NBC on Monday morning kicked off broadcast TV's Upfront Week in style, returning its annual pitch to Radio City Music Hall and giving buyers their first look at Neil Patrick Harris's new variety show ... with a little help from an unsuspecting MediaVest exec.
Following the standard blitz of clips from NBC's new fall shows, Mr. Harris gave advertisers a good idea of what he has cooking with his new variety show, "Best Time Ever." Grabbing the mic and heading into the audience, the entertainer stopped at an aisle seat to wish MediaVest's Melissa Shapiro a happy birthday before going on to note that he was a little miffed at her not remembering their recent lunch together.
Mr. Harris went on to reveal that he'd hatched a scheme with NBC ad sales chief Linda Yaccarino that involved hidden cameras, a fake beard for NBC Broadcasting chairman Ted Harbert and a little tequila. All of which helped evoke Mr. Harris's characterization of his show as a "fun, high-energy grab bag," while allowing buyers and sellers to feel a little sense of chumminess before the (sometimes fractious) negotiations begin.
Denied the cozy post-"Voice" slot at 9 p.m. on Tuesday nights, which went instead to the new medical drama "Heartbreaker," "Best Time Ever" will follow at 10 p.m. While it's uncertain what competition NPH will face in the hour (ABC's "Forever" has been canceled and there's no guarantee that CBS will leave "Person of Interest" in that space), the host will have 10 weeks in which to draw a crowd.
Earlier in the presentation, NBC Entertainment chairman Bob Greenblatt acknowledged that the Peacock this season had "some ups and downs," before reminding buyers that NBC would finish No. 1 in the 18-49 demo for the second straight year. He also said that while the network undoubtedly enjoyed a lift from Super Bowl XLIX, NBC had a lot of organic GRPs as well. ("We had the Super Bowl three years ago and we still finished tied for last place," Mr. Greenblatt pointed out.)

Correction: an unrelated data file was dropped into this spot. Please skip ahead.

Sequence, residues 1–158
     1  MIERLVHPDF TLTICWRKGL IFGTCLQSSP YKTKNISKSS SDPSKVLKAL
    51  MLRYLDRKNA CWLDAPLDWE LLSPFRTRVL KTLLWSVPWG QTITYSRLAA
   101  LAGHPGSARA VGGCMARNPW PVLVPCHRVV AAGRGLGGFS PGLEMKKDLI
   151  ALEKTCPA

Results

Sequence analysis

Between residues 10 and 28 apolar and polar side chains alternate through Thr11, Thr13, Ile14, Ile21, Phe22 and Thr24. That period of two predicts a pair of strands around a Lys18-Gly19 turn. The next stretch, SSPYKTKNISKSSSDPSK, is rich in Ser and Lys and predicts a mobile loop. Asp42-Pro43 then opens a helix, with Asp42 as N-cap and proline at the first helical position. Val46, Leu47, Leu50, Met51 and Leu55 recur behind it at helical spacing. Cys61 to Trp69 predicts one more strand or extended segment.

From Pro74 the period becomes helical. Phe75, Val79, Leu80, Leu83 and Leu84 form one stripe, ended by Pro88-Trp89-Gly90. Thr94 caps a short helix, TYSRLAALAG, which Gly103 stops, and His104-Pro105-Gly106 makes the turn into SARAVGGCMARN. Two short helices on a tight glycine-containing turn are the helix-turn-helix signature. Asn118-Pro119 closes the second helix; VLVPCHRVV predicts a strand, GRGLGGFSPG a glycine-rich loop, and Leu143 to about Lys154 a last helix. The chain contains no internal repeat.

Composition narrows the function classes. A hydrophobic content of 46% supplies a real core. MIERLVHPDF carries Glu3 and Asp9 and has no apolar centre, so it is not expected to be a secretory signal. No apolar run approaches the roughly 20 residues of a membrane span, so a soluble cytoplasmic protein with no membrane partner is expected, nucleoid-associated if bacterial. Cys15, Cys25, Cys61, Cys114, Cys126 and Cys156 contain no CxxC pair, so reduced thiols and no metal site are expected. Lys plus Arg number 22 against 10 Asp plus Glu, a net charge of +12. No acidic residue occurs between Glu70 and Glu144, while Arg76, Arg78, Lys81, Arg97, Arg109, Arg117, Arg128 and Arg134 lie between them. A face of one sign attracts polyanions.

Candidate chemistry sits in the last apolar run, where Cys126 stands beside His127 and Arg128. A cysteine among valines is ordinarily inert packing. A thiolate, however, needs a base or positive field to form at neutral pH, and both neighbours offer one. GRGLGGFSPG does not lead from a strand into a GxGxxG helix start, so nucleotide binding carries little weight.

NBC's biggest trouble spots remain the entirety of its post-NFL Sunday night lineup and two-thirds of Thursday night. While "The Voice" and "The Blacklist" have helped pull NBC out of what was a 10-year slump, there is no question that Mr. Greenblatt faces a certain sense of urgency. If he's to stick around past 2017, those nights have to see a significant turnaround.
And the 2015-16 development slate had better perform a hell of a lot better than this season's, which delivered just one renewal ("The Mysteries of Laura"). Jimmy Fallon slyly alluded to some of NBC's more recent woes when he greeted Mr. Greenblatt thusly: "We're all going to miss you, buddy. You had a good run."
This morning's show underscored the, well, unique way Mr. Greenblatt approaches his job as network capo. Prior to today, has any broadcast higher-up ever accompanied Dolly Parton on a piano while she belted out "I Will Always Love You"? That's a rhetorical question, naturally, but try picturing Les Moonves doing the same thing but with, say, L.L. Cool J. You can't, because such a thing is literally impossible for the mind to comprehend.
Ms. Parton has signed on to develop TV movies based on her catalogue of original songs, and her "Coat of Many Colors" sounds like it wouldn't be out of place on the Hallmark Channel. But that's another area in which Mr. Greenblatt stands out from his peers -- in an era marked by radical fragmentation, he wants to program events that draw entire families.
Sometimes, as with the case of NBC's live airing of "The Sound of Music," it works. And Mr. Greenblatt is betting that the next special, a revival of the Broadway musical "The Wiz," will have families singing in the aisles, or at least on their sofas.
While most of the top NBC divisions got their due (sports was represented by "Sunday Night Football," Nascar and the 2016 Summer Olympics in Rio, while Mr. Fallon kept the flag flying for late night), NBC News was conspicuously absent. With three months to go before his suspension is set to be lifted, Brian Williams remains persona non grata, and a quick turn from his replacement Lester Holt may have brought up questions that NBC doesn't necessarily want asked. As such, any marketplace-related talk about the "Today" show, "NBC Nightly News," "Dateline" and "Meet the Press" will take place in closed meetings with clients and buyers.
A note about the venue. A year after sending buyers and clients on a forced march to the wilds of the West Side and the Javits Center, NBC returned to the grand music hall across the street from its headquarters at 30 Rock. Last year, Seth Meyers joked about how Javits is conveniently located in "New York's historic stabbing district," and while that may have been a tiny bit hyperbolic, that the week didn't begin with a schlepp to Westies territory was much appreciated.